Auto body industry makes last push for fair reimbursement bill
Published: 03/27/2022 10:12:49
Modified: 03/27/2022 10:11:53
BOSTON — Members of the collision repair industry have pointed to the consequences of low reimbursement rates set by insurers and urged lawmakers at a recent hearing to report favorably on the invoice who intends to solve the problem.
“It kind of surprises me that the labor rate is so out of whack,” said Rep. James Hawkins, D-Attleboro, who is also the sponsor of the bill. “It’s a very technical area, and if we’re only paying $40 an hour, with the overhead that’s just skyrocketed recently, that leaves very little room for these shops to pay minimum wage to their workers who do highly technical work. It just doesn’t make a good trade.
Body shops have argued for an increase in the rate at which they are reimbursed by insurance companies, a rate that has stagnated for decades as the cost of doing business has risen exponentially.
“Thirty-five years ago, I was at the door of the State House with my father. I was 12 at the time. We were looking to increase the labor rate at the time,” said Elias Akiki, chairman of Hyde Park-based Akiki Auto Group. “Thirty-five years later, here we are, still looking to increase what we get paid.”
Shop owners, technical instructors and body industry organizations have testified before the Select Commission on Auto Body Labor Rates about their experiences with insurance companies which, according to they manipulate the market and underpay the stores.
Owners have expressed frustration that in an industry where vehicles have become more technologically advanced and require more sophisticated workmanship, labor rates are making it impossible to operate.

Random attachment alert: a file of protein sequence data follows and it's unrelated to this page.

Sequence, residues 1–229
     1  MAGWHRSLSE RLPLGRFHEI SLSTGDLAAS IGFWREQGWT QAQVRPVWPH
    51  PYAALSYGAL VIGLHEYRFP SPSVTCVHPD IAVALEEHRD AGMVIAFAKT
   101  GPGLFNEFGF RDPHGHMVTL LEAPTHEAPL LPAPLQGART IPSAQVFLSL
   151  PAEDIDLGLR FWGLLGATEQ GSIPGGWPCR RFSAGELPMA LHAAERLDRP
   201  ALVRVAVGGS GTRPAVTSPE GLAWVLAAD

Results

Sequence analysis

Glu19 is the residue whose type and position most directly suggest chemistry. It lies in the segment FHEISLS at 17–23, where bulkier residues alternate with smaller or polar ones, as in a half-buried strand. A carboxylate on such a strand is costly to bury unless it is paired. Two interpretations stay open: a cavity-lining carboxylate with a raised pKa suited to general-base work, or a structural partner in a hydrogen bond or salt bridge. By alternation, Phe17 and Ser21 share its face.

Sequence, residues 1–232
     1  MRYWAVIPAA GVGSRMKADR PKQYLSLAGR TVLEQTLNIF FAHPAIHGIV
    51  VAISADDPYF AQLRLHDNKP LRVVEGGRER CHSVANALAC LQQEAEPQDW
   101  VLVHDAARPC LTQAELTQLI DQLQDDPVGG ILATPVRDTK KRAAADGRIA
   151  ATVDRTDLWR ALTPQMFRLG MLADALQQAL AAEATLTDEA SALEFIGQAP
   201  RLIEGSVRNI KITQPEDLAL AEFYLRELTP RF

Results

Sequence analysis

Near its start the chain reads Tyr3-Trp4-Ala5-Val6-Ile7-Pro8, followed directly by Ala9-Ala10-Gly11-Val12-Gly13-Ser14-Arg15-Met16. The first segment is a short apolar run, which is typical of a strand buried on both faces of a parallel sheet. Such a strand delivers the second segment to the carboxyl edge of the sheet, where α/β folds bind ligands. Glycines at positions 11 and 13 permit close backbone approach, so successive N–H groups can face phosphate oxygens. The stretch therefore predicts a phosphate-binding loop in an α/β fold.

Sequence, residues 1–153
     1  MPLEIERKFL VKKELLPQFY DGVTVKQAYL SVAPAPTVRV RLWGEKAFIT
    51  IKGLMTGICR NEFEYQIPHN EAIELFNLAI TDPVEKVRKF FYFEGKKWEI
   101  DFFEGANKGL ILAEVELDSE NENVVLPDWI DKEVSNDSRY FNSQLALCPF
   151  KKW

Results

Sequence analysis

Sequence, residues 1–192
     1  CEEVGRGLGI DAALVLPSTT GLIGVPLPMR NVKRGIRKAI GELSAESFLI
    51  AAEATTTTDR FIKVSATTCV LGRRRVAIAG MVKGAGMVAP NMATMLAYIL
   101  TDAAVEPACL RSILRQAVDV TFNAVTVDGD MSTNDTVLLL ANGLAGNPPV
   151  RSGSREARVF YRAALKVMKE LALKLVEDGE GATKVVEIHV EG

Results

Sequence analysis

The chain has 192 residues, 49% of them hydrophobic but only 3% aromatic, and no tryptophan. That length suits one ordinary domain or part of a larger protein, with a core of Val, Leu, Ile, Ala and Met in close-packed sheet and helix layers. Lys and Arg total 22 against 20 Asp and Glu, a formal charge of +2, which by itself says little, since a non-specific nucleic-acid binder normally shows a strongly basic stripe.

Add to that the high cost of living in Massachusetts and homeowners are struggling to make ends meet.
“Larger organizations in other parts of the country are facing similar challenges, and they regularly see rates rising, and even asking for more,” said Aaron Schulenburg, executive director of the Society of Collision Repair Specialists, which represents body shops across the country. “Now think about how this applies to businesses in Massachusetts, which have seen no increases in decades.”
Schulenburg also dismissed suggestions from insurance companies that there are more shops than jobs in Massachusetts.
“The current trends that we observe do not indicate this. We have seen an increase in the number of vehicles registered in Massachusetts and an increase in repair times,” he said.
And even if what the companies claim were the case, a rate increase would still be necessary.
“Rising costs over the past few decades are an indicator that tariffs need to be adjusted to keep pace. The same way insurance companies have adjusted their premiums with the rising cost of business,” Schulenburg said.
The special committee, at the request of business owners, is planning an in-person meeting soon at a vocational school, to speak with registered trainees looking to enter the trade.
Once the testimony is complete, the commission will release a report by the June 30 deadline.
Aryan Rai writes for the Boston University Statehouse Program Gazette.
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